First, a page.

Digital Mysteries: Who killed King Ted? is a unique app for 8-11 year olds which allows pairs to work simultaneously on one iPad to help with mathematics. They must discuss and collaborate along the way.
Children are introduced to a fun ‘murder mystery’ in which they must use mathematics skills, and learn new ones, in order to work out ‘whodunit’. They are given 24 slips of information on the story. These include the lead up to finding King Ted and what he was doing before he died. Could it be Princess Prune, Bob the Robber, Lord Leek, or was he even killed at all?
Some examples are how children must work out the time of death by cross-referencing slips mentioning things like what King Ted was watching on TV, body temperature and the map of the kingdom.
Users move through an easy-to-follow, three stage process – they must first read all the slips, organise them into groups, then move to the final stage where they lay out the slips in a chain and use sticky tapes and notes to help make sense of everything. Although the mental arithmetic involved requires precision, the task is open ended and provides scope for pupils to come up with and justify more than one possible solution.
The mystery involves mathematical concepts such as capacity, time, distance and speed, and could be used diagnostically within the mathematics curriculum to assess pupils’ confidence in recognising and applying these concepts.
Key learning objectives might include:
*to practice mental methods in addition, subtraction, multiplication and division in order to solve the problem, deciding which operations and methods to use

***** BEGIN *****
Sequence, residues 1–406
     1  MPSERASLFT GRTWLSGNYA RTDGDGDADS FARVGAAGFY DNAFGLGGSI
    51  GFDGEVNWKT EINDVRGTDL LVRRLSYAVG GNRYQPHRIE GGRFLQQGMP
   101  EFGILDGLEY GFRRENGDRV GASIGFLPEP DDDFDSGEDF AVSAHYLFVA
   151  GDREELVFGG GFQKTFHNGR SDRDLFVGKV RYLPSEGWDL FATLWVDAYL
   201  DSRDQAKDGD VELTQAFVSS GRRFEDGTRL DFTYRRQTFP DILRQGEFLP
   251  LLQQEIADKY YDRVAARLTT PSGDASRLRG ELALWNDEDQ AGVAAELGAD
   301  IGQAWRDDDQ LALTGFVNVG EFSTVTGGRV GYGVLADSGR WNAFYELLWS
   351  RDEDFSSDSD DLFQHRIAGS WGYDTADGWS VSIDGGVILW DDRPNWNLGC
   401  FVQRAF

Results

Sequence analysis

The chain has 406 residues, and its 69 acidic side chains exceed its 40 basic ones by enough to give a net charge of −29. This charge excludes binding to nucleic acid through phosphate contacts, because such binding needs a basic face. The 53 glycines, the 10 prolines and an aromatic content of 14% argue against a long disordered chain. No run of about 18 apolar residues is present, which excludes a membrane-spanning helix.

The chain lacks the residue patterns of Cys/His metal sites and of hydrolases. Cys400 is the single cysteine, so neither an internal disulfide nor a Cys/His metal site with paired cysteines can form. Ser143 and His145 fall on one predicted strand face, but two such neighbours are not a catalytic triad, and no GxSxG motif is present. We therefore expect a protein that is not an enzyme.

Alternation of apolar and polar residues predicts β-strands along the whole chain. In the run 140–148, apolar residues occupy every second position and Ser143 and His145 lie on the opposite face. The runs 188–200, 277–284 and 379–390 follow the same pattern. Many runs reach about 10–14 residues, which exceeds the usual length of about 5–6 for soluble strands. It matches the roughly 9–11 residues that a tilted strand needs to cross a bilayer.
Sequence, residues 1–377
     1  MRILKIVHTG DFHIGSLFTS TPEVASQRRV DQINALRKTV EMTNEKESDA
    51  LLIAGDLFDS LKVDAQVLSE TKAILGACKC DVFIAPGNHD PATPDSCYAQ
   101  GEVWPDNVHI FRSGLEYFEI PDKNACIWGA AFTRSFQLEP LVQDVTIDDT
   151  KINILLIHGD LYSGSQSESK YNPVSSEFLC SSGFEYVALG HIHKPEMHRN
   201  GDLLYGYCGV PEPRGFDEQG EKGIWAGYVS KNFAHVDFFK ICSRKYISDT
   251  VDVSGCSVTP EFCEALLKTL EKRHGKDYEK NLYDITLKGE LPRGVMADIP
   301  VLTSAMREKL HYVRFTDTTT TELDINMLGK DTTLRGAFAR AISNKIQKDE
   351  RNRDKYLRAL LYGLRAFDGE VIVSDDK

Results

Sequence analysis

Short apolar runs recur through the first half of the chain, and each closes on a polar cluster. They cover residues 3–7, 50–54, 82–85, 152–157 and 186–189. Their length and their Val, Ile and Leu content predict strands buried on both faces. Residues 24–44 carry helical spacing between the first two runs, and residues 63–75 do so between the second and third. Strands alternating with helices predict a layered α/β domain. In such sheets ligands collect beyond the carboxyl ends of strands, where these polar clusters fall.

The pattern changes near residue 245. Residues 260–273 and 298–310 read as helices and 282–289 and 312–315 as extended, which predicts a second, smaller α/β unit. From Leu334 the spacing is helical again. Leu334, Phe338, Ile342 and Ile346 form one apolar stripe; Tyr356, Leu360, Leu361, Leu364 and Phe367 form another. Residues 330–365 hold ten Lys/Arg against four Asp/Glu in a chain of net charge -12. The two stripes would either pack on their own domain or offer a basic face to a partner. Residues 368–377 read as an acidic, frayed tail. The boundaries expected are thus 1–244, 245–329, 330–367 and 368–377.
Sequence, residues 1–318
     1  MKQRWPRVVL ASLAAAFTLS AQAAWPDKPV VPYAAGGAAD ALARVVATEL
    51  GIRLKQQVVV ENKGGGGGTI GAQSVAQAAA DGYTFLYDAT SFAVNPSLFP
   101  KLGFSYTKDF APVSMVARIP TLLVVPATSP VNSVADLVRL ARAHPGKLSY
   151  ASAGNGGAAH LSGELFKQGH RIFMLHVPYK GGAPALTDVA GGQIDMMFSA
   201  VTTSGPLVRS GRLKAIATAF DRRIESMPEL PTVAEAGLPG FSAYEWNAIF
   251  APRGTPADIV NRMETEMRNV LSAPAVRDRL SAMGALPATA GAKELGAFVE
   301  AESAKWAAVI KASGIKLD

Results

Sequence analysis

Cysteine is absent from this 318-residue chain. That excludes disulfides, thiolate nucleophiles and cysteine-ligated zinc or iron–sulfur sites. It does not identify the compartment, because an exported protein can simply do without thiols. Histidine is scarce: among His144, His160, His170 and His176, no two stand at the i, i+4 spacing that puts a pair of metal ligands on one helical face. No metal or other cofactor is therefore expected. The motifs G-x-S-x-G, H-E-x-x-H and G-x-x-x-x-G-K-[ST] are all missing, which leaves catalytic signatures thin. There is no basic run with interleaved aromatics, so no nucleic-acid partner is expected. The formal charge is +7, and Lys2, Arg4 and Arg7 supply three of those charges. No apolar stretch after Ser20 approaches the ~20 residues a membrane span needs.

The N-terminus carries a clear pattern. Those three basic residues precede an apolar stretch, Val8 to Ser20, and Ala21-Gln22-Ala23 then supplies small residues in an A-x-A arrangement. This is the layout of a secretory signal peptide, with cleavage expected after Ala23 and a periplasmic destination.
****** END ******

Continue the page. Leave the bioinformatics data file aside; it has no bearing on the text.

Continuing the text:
*to compare and calculate different measures, involving: money, capacity, and distance over time (mph)
After children have finished, they type in their answer then have two possibilities – they can either print or share a colourful PDF of the session with screenshots or even go through the Reflection Stage, which invites them to play back their activity and discuss it with each other/their teacher.
What’s different about Digital Mysteries?
• Truly collaborative: It is unique in that more than one student can interact with it at once
• Record of learning: Students can interact and have fun with exciting technology, then generate a printable PDF report of their session which shows what they’ve done
• Cross-curricular: Mysteries come in various topics plus many are cross-curricular in themselves
• Reflection: Sessions are automatically recorded so students can playback and discuss what they’ve done, emphasising the importance of the process as well as the outcome
• Speaking and listening: Due to its collaborative nature, each session aligns to this learning goal, plus ‘group discussion and interaction’
• Engagement: Working in pairs adds to the fun experience of problem-solving
• Research: We’ve done years of academic research on how to make the most of touch screens for learning in general, and collaboration specifically
What does a mystery consist of?
• Illustrated slips of information: Short snippets to help students with reading
• Open question: To maximise the potential of collaboration, discussion and expression of ideas, the nature of the task is usually open ended
• Extras: Most tasks come with personalised hints for those who need them, e.g. suggestions for organising ideas or simpler stage introductions to ease them in
• Description: This gives teachers the information they need to plan their session including the curriculum point each task links to, the advised age range and possible learning outcomes
How can I try other mysteries?
At the bottom of the app details tab, tap ‘Developer Apps’ to view our current range. There are apps for computing, maths, science, citizenship and Shakespeare plays Romeo and Juliet, A Midsummer Night’s Dream and Macbeth’s Influences.
Fixed compatibility issue.
Up to six family members will be able to use this app with Family Sharing enabled.